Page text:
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    A Need for Decriminalizing Section 309 – Fighting Mental Problems

    This article on, ‘A Need for Decriminalizing Section 309 – Fighting Mental Problems‘; is written by Parvraj Patni. He is a 1st Year Student in LL.B. (Hons.) from Jindal Global Law School.


    Suicide is an act of taking one’s own life. Section 309 of the Indian penal code criminalises the act of attempting suicide. The reasons given for that have been very well explained in Gian Kaur vs. the State of Punjab [see here]. In this case, the court struck down the decision of the P. Rathinam case [see here] and set aside the extension given to Article 21 [see here] of the right to life and personal liberty.

    This stand of the court was taken in the lieu that this will deter people from committing suicide; but 93% of suicide attempters were found to suffering from Mental Issues; as shown in Adinkrah M’s Criminal Prosecution of suicide attempt survivors in Ghana [see here]. According to a report from WHO; around 8 lakh people die from suicide every day and up to 25 times as many make a suicide attempt. India contributes to around 34% of the suicides around the world as published in Vijdan Mohmadd’s; “In 2019, a person died every four minutes due to suicide” [see here].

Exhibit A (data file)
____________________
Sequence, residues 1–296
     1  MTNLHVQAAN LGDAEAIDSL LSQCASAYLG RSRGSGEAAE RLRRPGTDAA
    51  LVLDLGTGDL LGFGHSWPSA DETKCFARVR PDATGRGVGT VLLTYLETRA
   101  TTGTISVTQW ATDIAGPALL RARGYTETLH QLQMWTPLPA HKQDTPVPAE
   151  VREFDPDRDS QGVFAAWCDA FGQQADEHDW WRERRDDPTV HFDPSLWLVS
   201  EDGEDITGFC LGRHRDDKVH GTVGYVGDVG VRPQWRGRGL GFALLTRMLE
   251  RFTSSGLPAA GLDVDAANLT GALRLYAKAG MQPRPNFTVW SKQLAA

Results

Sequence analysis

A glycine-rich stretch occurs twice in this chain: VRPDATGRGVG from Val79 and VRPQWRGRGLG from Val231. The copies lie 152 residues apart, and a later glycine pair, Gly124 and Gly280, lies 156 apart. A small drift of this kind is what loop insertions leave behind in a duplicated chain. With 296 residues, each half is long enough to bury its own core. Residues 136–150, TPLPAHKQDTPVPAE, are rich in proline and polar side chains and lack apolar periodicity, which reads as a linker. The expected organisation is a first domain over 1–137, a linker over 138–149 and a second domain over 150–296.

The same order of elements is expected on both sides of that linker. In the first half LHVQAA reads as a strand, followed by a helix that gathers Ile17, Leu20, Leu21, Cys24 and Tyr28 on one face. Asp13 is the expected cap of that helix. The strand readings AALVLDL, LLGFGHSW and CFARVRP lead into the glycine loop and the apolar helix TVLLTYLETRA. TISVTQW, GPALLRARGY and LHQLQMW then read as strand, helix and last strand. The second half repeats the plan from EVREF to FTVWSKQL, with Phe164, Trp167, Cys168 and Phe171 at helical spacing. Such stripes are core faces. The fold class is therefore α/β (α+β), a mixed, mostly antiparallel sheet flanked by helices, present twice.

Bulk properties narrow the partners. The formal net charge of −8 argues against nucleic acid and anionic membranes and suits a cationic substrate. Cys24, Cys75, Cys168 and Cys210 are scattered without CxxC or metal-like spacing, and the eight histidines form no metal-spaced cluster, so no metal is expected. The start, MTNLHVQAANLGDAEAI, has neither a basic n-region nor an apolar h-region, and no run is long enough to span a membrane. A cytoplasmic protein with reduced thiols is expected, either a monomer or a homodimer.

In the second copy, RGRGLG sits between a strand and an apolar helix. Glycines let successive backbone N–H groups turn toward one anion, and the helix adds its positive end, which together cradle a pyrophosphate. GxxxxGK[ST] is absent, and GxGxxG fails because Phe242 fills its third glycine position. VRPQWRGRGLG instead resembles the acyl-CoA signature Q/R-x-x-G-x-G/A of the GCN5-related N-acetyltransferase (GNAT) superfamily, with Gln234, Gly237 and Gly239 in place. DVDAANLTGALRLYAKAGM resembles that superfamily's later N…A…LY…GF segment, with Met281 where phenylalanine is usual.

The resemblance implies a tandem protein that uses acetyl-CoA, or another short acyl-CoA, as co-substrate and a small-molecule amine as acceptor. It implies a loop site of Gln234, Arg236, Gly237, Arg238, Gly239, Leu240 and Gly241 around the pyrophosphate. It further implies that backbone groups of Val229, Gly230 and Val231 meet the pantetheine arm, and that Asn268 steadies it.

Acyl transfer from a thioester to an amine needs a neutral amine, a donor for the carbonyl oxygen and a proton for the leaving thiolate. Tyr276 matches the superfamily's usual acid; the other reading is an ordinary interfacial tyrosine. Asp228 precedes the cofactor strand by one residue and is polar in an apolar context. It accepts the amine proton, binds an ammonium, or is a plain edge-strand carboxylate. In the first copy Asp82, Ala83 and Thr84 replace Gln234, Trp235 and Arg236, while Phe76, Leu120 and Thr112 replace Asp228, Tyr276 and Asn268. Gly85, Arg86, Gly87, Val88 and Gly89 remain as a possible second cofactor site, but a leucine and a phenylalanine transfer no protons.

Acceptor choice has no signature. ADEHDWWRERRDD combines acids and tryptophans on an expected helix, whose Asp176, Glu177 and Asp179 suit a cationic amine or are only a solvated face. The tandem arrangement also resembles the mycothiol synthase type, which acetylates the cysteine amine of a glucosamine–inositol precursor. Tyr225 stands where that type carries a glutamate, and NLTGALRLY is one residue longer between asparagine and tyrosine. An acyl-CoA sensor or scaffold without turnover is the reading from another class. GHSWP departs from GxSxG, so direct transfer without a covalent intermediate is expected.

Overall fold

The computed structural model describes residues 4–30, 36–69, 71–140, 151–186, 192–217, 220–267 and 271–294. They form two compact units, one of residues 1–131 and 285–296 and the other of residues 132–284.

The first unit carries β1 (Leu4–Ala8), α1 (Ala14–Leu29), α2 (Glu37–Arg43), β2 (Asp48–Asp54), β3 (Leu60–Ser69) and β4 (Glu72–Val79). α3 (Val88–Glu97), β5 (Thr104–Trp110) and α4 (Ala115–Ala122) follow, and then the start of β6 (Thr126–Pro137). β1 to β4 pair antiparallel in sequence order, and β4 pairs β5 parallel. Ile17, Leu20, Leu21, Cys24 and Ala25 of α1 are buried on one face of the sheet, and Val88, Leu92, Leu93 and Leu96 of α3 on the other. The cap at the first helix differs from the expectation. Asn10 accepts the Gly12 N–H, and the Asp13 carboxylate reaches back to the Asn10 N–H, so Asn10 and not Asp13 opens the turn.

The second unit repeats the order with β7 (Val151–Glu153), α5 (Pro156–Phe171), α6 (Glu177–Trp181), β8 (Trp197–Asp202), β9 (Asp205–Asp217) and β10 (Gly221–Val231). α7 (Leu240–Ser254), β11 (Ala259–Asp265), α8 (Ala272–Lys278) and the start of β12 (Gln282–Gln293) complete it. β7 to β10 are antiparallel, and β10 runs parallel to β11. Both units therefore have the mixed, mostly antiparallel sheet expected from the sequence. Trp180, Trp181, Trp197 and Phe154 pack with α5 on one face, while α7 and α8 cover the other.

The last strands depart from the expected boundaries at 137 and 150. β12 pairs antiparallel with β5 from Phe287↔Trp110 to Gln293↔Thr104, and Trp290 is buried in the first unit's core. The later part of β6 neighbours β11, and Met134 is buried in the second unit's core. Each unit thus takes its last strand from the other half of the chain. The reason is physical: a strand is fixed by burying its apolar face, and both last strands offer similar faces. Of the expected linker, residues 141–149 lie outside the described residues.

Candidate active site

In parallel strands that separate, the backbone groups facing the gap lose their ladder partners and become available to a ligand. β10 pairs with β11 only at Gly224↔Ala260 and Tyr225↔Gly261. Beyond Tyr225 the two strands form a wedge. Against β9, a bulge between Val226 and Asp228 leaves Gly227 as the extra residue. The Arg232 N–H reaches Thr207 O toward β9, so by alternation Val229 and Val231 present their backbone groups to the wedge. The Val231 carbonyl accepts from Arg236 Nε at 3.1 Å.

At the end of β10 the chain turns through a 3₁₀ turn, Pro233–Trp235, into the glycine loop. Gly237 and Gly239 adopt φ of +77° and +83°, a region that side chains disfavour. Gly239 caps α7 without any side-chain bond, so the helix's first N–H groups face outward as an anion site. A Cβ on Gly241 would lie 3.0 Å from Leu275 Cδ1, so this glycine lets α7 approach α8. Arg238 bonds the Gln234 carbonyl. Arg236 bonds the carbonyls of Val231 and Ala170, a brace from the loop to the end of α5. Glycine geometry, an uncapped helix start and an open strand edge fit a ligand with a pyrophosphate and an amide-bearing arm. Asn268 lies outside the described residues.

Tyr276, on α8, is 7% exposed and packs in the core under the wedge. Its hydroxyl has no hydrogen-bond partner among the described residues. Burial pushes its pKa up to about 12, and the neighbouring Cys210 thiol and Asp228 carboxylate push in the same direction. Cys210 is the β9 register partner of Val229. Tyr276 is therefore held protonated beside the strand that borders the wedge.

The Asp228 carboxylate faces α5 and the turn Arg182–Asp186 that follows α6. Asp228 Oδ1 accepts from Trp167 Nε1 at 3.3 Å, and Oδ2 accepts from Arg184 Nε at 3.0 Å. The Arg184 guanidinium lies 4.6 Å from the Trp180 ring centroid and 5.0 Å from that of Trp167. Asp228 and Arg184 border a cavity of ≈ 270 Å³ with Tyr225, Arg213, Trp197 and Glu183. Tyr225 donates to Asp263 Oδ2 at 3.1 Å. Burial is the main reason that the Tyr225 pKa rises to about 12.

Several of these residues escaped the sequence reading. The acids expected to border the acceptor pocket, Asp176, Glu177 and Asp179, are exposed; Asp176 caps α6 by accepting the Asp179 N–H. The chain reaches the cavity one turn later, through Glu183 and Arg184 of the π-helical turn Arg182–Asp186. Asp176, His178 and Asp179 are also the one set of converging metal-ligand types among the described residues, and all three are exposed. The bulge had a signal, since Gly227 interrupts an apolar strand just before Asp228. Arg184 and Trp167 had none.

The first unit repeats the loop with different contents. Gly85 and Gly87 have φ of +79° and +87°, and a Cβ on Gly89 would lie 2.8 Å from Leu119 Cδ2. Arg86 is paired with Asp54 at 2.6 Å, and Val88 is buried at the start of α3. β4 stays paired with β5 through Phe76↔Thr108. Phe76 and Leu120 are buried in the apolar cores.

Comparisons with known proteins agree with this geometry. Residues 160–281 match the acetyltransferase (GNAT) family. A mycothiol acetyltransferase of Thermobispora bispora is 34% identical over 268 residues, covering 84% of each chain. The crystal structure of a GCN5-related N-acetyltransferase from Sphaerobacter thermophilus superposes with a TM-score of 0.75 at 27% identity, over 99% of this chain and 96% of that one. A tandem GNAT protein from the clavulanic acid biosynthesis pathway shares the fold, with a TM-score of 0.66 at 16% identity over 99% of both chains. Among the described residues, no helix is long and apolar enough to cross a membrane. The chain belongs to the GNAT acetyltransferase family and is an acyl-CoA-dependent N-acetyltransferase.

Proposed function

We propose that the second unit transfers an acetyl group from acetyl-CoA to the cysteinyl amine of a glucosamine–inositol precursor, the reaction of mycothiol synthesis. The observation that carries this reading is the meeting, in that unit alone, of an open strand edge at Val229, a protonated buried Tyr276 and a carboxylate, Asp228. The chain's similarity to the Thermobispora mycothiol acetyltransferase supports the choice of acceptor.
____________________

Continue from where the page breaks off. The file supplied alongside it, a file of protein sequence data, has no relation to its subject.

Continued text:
Most of these were backed up by mental issues. A recent attempt to partially decriminalise this section has been made by the government through the mental healthcare act 2017 [see here] which says that “any person who attempts to commit suicide shall be thought to suffering through heavy stress and thus not guilty unless proven otherwise”. The first and the foremost question that arises is; what is the threshold of severe stress while deciding the case of attempt to suicide ?

    Studies Based on Statistics

    The conviction rate of a suicide attempt is nearly 30%; these are those cases where it was proved that the attempter was not under severe stress, says Shiv Sahay Singh.[see here] If a person is trying to end his /her ‘own’ life then even a layman can understand that he is either under severe stress or suffering through mental issues. This precedent of conviction is so irrational as well as disturbing. Random 4 people deciding if the “accused” is under severe stress; or not by balancing those factors which they weren’t even part of.

    The judiciary cannot completely be aware of the whole picture of one’s personal life. The only logical thing is to understand the stress of the individual. Although, that doesn’t seem possible due to laid down stigmas for mental health in our society.

    The reason?

    The wrong precedent can also be credited to the stigma that our country has regarding mental issues and suicide. We are so reluctant in accepting that people can suffer through mental pain. Most of the attempters are regarded as attention seekers, weaklings and some even go to the extent of calling them ‘psycho’.

    The Indian penal code was formulated in 1860 during the time of the British regime; and an attempt to suicide is there in the code since then. Ironically, the suicide attempt has been completely decriminalised in Britain since 1961; and well we are partially there in 2017.